The system may also include a fabric type selector on the washer, where the washer controller determines the operating parameters of the washer in response to the selector, and the communications channel communicates the fabric type selection from the washer controller to the dryer controller. The dryer controller determines the operating parameters of the dryer in response to the fabric type selection.
In addition, the system can include a mass measuring system communicating with the washer controller, where the measuring system measures a mass for a given load of fabric, and a drying time indicator on the dryer. The washer controller communicates the mass to the dryer controller over the channel and the dryer controller provides a drying time estimate to the indicator in response to the fabric type selection and the mass.
FIG. 1 is a block diagram of a system according to the invention; and
FIG. 2 is a flow chart diagram of a method according to the invention.
Referring to FIG. 1, a communication and control system 10 for a fabric washer 12 and a fabric dryer 14 includes a communications channel 16 between the washer 12 and the dryer 14. The communications channel 16 may be, for example, hard-wired, an infra-red or radio frequency wireless link, or a power line impressed carrier signal. The washer 12 and dryer 14 each include a controller which may be, for example, a mechanical timer or an integrated circuit programmable controller such as a microprocessor.
The washer 12 is provided with a user-operated fabric selector 18 and a load mass device 20 for measuring the mass of a load of fabric to be washed. The washer fabric selector switch 18 may be, for example, a rotary selector switch, push button switches, or membrane switches. As is well-known in the art, operation of the washer fabric selection switch 18 may determine the operating parameters of the washer 12, such as water temperature, wash and rinse times, and spin speeds. The load mass device 20 may be, for example, a weighing device that actual measures the mass of the fabric (e.g., weighs the spin tub, transmission and fabric load and subtracts the mass of the tub and transmission) or a device that measures times associated with filling the tub with water and estimates the load mass therefrom. The initial fill time can provide a measure of dry mass and subsequent fill times can provide a measure of wet mass.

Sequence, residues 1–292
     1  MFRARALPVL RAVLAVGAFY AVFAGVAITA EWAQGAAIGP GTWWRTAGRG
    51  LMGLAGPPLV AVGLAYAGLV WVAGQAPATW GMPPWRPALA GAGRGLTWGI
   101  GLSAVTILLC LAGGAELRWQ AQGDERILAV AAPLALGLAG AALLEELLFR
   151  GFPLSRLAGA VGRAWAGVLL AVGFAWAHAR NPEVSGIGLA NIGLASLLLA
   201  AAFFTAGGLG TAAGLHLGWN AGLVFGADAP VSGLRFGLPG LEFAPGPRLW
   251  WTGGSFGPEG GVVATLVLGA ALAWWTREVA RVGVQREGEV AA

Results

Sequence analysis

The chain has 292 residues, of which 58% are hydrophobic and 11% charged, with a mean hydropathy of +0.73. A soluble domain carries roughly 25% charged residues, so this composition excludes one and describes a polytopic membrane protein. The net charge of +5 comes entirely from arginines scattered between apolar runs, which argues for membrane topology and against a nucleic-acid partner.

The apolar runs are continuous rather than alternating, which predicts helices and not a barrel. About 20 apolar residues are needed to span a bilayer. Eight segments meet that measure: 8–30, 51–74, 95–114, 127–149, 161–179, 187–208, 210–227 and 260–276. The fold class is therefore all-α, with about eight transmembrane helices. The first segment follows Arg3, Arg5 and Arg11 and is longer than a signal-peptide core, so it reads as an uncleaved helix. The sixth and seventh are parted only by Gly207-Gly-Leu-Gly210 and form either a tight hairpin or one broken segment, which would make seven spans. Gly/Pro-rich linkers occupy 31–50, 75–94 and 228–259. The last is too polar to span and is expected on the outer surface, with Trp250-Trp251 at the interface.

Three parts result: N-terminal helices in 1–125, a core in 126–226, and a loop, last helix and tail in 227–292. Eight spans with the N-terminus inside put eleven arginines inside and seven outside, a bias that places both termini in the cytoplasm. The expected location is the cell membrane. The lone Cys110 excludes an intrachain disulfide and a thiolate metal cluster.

In operation, the status of the washer fabric selector 18 is provided not only to the washer 12 but also via the communication channel 16 to the dryer 14. In response to the washer fabric selector 18 being set for the washing of a load, the dryer 14 adjusts the temperature and timing of the drying cycle for the same load of fabric after it is transferred from the washer 12 to the dryer 14. This allows the user or operator to set the fabric type for a load of fabric in one step, rather than having to set it both on the washer and the dryer.
The load mass device 20 measures the mass of the fabric load in the washer 12. The measured mass is provided by the communications channel 16 to the dryer 14. The dryer 14 uses the mass from the washer 12 (and the setting of the fabric selector 18) to calculate an estimated drying time for the load. This estimated drying time is displayed on a drying time indicator 22 located on the dryer 14. It is well-known that the dry mass of a load of fabric can be used to estimate the drying time of the load. It is also possible to compare the dry mass and wet mass to determine water content for providing a more accurate estimate of drying time based on both the quantity of fabric and the water content thereof.